Nemours Jean Baptiste, father of Konpa Direk

If Nemours Jean Baptiste could use his musical ingenuity to create and leave behind for us Haitians something as precious and valuable as Konpa Direk, this musical genre we all love so much, there is no reason as to why we should not develop and expand its portfolio.

The history of the evolution of Konpa Direk, the Haitian people’s most popular musical genre, is yet to be documented; it is still in its oral state.

After over 50 years of the creation of the music, there is not much one can find out there in terms of written historical facts on its origin and evolution.

There are no scholarly written documents or books one can put their hands on to satiate their crave for knowledge about Konpa Direk. We only have a few guys here and there, Mario Devolcy is one of them, showing off their knowledge whenever someone cares enough to interview them. This is not the way it should be.

If we dream to see our music going somewhere in the future, we need to start building the library of Konpa Direk. And the most effective way to do so is by documenting the facts about the music, which we are not doing effectively as of yet.

The history of our Konpa Direk, as I stated above, unfortunately, is still in its oral state. Nothing is being documented, and that is after half of a century of its birth. What are we waiting for to make it happen? Are we waiting for the “Blancs” to come do it for us as they did for our history as a people? We know already all the lies they have reported about our history, so the idea of having them write for us the history of our Konpa would be foolish to say the least.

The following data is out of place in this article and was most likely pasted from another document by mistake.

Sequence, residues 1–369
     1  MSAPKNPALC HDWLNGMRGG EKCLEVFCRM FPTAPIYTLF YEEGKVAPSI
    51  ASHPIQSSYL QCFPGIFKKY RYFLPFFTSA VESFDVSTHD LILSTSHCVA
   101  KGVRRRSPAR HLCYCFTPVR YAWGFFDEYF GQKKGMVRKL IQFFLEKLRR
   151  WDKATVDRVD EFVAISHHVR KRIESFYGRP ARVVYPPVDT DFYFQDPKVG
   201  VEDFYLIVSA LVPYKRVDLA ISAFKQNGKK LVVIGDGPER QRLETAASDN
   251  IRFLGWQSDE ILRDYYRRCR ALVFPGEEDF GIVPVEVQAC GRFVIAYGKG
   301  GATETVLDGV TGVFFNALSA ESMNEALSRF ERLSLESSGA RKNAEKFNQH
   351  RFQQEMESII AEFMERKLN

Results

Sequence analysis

If I am to research on the history of Konpa Direk, and I decide to go to my city library or my university library to collect books on the music -to enable me to document my work -would I find anything to ease the burden and facilitate my work? I strongly doubt it. Yet, you bet if I am to research on the history and evolution of Jazz, Rock and Roll, Blues, R&B or Rap, I will find an array of written documents. If I refuse to give in to the obvious lack of available documents and decide to break all the barriers and move forward with the research, I will have to interview a guy like Mario Devolcy, whom I consider as a Konpa oral historian, and have him empty his brain to me until he passes out.    

Nothing took place if it was not documented. We need to keep that in mind. It is not too late to reengage and move the history of our music forward, meaning from its oral to literary state for the generations to come to have a foundation they can be proud to build on.

I would not mind volunteering my service in whatever capacity for the realization of such project, and I am certain others would be delighted to take part in it. After over 50 years of the existence of Konpa Direk, it is despicable to still have its history in its oral state. We need to be publishing the facts about the music –from its inception to what it has become today. So I am thinking of a way we can make that happen. I see someone like Mario Devolcy as a living resource. We can work with him to help us to make the idea of publishing the books on the history of Konpa Direk become a matter of reality. Are we waiting for him to expire before we can start working on that? I hope not as such effort is long overdue.